Hadjiev was taught initially by his parents, both leading figures in the early years of Bulgarian opera (his father was a conductor, his mother a singer); he then studied composition with Josef Suk (1932-33) before entering the State Musical Academy in Sofia (1933) as a pupil of Vladigerov. On the recommendation of Vladigerov he took lessons with Joseph Marx in Vienna before completing his studies at the Berlin Hochschule fur Musik (1938-40).
In 1940 Hadjiev became a lecturer at the Sofia Academy. He was one of the most prolific Bulgarian opera composers, and one of the most frequently staged. His spontaneously emotional side and inborn theatrical sense are evident in both dramatic and humorous contexts, and he has proved able to communicate effectively with children.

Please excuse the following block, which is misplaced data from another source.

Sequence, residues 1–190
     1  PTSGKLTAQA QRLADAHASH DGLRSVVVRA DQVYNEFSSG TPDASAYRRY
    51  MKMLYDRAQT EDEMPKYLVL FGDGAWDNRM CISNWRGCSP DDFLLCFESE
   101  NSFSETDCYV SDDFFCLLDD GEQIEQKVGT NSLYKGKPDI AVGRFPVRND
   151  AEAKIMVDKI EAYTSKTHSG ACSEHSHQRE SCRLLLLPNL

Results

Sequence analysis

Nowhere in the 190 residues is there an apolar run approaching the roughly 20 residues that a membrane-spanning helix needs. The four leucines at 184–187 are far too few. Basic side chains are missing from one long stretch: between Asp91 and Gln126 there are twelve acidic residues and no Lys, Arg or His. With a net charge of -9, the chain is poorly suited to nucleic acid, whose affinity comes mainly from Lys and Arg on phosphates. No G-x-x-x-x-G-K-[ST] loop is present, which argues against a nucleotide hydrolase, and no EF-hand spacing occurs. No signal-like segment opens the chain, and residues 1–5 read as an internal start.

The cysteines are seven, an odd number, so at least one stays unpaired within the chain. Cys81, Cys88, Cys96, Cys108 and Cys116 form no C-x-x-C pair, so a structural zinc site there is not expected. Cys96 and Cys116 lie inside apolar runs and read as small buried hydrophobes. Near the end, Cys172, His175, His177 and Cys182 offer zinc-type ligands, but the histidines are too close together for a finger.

For his librettos he has drawn on foreign as well as Bulgarian literature and on fairy-tales. The individuality of his musical language results above all from his characteristic melodies, built on elements of Bulgarian folk music. Artistic simplicity, accessibility, knowledge of how to write for the human voice and a rich harmonic palette are dominant features.
Lud gidiya (The Madcap), generally regarded as the best example of Bulgarian comic opera, has also been performed abroad. We are delighted to include a recording of its premier performance here.